Findings concerning the effects of alcohol on cognitive outcomes in ageing are equivocal. Several recent review articles have concluded that consumption of alcohol at moderate levels is linked to protective effects on cognition in later life (Anstey, Mack, and Cherbuin 2009; Kim et al. 2012; Neafsey and Collins 2011), and specific biochemical mechanisms—such as the possible anti-inflammatory properties of alcohol—have been suggested to underlie this effect (Collins et al. 2009). However, some studies have found contradictory results, linking even moderate alcohol consumption to greater risk of later-life cognitive decline (see above reviews and Panza et al. 2008). The inconsistent results may be due to correlations between alcohol consumption and cognition being subject to problems of confounding and reverse causation. For example, Corley et al. (2011) found that significant positive associations between alcohol consumption and cognition in old age were almost entirely accounted for by cognitive ability measured in childhood and by socioeconomic status (SES).

Here, we further investigate the data used by Corley et al. (2011) by testing the hypothesis that the direction of the effect of alcohol on cognition depends on an individual’s genetically influenced alcohol processing capacity. We also extend some previous work that uses Mendelian randomization (MR; Davey Smith 2010; Ebrahim and Davey Smith 2008) to test the effects of alcohol consumption on cognitive ability. MR is a technique that uses, as instrumental variables, genetic variants that are not associated with the outcome variable, but instead alter the action of a putative risk factor. If the genetic variants are distributed at random with regard to confounders such as SES, an interaction of genotype with the exposure variable of interest (in the present context, alcohol) on the outcome (in the present context, cognitive ability) indicates causal effects of the exposure variable. In one such study, Au Yeung et al. (2012) examined the moderating effect of the well-studied ‘alcohol flush’ single-nucleotide polymorphism (SNP; number rs671 on the gene ADH) on alcohol’s effect on cognitive function in a large sample of Chinese men. ADH, along with related genes, encodes alcohol dehydrogenase enzymes that catalyze the breakdown of alcohol (ethanol) into acetaldehyde (Dickson et al. 2006; Birley et al. 2009). They found that individuals who received more biological exposure to alcohol due to their lower genetic propensity to metabolize it were not different in their cognitive ability levels to those with normal metabolic ability. The authors concluded that the ostensible beneficial effect of alcohol on cognition was in fact due to confounding by other factors such as SES.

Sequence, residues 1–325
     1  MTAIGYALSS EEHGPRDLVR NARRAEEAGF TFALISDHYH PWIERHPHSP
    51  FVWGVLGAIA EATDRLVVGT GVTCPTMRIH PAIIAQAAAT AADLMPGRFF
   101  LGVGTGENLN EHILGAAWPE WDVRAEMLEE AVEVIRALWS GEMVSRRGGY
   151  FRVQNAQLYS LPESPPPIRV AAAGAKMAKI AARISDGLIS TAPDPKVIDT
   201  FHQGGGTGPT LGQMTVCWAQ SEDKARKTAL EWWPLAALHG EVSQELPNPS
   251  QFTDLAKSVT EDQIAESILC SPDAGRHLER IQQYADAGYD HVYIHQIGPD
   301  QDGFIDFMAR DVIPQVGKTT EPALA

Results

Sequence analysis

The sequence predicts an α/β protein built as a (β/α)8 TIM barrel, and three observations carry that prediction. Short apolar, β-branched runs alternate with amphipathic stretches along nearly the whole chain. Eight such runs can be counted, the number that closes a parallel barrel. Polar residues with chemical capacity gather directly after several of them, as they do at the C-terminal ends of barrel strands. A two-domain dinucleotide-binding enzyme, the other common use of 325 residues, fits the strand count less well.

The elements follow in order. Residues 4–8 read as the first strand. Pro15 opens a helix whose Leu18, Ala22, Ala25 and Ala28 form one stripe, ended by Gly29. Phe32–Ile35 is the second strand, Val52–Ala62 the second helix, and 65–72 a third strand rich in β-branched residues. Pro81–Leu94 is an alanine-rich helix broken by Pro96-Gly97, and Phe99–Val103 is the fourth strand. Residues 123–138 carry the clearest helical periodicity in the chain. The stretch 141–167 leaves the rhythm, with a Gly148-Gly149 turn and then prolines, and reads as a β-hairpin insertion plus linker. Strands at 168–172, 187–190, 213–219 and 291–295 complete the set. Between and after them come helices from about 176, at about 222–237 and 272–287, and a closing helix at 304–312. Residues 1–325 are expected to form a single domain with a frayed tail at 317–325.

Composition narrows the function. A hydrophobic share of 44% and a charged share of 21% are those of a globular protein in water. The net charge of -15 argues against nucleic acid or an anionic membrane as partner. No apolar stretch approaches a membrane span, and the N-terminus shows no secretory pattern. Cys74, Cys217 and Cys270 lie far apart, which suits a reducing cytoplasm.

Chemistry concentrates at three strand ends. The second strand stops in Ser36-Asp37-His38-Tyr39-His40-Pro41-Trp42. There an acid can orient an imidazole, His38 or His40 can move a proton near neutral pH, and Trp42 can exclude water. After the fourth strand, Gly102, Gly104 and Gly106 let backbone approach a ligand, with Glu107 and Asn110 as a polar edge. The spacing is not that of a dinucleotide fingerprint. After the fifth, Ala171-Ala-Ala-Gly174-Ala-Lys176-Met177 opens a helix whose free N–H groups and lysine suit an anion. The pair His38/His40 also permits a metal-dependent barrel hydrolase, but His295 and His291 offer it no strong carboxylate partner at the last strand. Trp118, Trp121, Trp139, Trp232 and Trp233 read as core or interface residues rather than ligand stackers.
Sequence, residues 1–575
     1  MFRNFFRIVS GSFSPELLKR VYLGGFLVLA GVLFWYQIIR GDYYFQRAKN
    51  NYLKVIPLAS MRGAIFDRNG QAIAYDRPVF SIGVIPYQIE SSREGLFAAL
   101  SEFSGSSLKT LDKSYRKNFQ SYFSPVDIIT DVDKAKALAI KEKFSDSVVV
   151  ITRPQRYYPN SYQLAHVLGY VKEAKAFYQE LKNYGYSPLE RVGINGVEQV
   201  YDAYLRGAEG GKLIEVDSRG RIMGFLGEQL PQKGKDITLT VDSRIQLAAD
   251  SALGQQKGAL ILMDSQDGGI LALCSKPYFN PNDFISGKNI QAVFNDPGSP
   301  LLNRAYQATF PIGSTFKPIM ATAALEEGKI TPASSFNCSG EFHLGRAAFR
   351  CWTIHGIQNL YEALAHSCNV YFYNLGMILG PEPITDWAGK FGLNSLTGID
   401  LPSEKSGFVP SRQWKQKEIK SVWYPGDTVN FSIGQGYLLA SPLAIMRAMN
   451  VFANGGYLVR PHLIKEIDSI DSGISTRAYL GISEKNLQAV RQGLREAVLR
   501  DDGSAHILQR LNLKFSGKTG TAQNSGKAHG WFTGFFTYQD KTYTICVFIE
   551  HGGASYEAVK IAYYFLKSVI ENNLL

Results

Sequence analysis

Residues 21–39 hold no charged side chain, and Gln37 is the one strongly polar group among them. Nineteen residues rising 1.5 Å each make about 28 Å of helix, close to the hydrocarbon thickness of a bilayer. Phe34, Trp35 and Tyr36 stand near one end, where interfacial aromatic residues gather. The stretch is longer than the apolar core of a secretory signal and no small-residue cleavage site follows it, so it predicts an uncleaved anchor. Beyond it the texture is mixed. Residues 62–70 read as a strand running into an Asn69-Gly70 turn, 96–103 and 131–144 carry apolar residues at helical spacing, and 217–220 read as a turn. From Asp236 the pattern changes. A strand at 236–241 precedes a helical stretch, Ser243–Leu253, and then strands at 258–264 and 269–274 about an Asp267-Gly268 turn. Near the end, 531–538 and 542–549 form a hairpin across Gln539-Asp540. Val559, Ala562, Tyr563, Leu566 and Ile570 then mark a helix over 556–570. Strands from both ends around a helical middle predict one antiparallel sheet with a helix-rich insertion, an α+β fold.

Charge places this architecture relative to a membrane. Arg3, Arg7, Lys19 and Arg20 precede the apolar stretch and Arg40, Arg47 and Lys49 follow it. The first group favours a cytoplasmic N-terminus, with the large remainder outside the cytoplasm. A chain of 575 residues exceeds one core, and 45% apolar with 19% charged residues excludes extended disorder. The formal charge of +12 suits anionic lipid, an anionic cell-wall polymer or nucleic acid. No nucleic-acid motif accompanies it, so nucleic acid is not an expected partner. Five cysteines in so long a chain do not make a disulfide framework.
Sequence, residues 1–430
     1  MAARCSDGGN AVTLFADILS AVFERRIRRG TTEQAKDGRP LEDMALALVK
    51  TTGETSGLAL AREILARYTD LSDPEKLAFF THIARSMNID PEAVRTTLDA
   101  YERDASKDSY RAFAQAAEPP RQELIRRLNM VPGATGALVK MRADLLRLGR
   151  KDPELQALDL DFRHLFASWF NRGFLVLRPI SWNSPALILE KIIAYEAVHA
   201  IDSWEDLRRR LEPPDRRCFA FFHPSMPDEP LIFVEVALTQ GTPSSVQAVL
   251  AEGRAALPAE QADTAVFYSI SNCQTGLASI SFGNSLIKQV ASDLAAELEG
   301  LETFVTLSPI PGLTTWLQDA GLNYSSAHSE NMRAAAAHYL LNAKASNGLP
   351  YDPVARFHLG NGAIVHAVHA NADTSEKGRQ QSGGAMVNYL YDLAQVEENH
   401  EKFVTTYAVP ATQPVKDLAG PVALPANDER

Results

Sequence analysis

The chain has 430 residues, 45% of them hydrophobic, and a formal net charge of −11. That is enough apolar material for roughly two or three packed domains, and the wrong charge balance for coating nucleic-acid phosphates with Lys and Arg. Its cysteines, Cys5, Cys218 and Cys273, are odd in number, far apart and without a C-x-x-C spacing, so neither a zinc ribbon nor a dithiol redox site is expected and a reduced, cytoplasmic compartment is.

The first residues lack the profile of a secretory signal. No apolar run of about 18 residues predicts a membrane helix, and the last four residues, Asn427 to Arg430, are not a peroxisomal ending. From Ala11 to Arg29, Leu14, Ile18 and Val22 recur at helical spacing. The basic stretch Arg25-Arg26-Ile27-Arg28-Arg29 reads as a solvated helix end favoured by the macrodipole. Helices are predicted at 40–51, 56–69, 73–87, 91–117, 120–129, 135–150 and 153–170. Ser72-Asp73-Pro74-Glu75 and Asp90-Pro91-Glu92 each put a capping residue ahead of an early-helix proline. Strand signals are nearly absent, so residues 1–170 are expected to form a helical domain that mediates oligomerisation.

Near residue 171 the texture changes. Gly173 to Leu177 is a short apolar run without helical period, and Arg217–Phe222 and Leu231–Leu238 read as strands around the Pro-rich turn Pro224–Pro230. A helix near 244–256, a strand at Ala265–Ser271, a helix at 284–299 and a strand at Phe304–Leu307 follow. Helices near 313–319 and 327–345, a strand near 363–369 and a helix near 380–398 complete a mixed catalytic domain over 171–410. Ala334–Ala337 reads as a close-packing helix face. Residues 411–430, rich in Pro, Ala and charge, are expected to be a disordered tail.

However, use of other genetic variants has produced different results. Lewis et al. (2012) used a set of four SNPs in three genes (ADH1A, ADH1B, and ADH7) to examine the effect of maternal consumption of alcohol on offspring cognition. The total number of rare alleles on this SNP set interacted significantly with alcohol consumption: Children with more rare alleles tended to have lower cognitive ability at age 8, but only if their mothers were moderate drinkers during pregnancy. In the present study, in a longitudinal sample followed up after approximately 60 years, we test whether the same set of genetic differences in alcohol metabolism studied by Lewis et al. (2012) interact with personal alcohol consumption to affect change in an individual's own cognition from childhood to old age. Our examination of the trajectory of cognitive ageing from childhood to old age is an advantage, since few studies have examined the effects of alcohol on cognitive change before old age (see Richards, Hardy, and Wadsworth 2005, and Zanjani, Downer, Kruger, Willis, and Schaie 2013, for exceptions).

Our theoretical model is illustrated in Fig. 1. We hypothesized that individuals with high SNP set scores (more rare alleles) would have lower alcohol metabolic capacity and would thus receive greater exposure to potentially damaging effects of alcohol. These individuals should have negative effects of alcohol consumption on the outcome variable and thus experience relatively more cognitive decline between ages 11 and 70. Conversely, individuals with low SNP set scores (fewer rare alleles) may metabolize the damaging factors in alcoholic drinks more efficiently and thus receive more of the theorized neuroprotective benefits that may also be present in such drinks (Collins et al. 2009). Specifically, we predicted an interaction between genotype and alcohol consumption, whereby low SNP scores lead to relatively beneficial effects on cognition with higher consumption, and high SNP scores lead to greater cognitive decline.

Fig. 1
figure 1

Theoretical model of alcohol’s effect on lifetime cognitive change. SNPs causing differences in alcohol metabolism interact with the alcohol consumption: Those with few rare alleles (and a corresponding higher rate of alcohol metabolism) have lower biological exposure to damaging effects of alcohol and thus a relative IQ improvement from alcohol consumption. The opposite effect occurs in those with many rare alleles, resulting in relative IQ decline. Variables inside the dashed box were not directly measured in the present study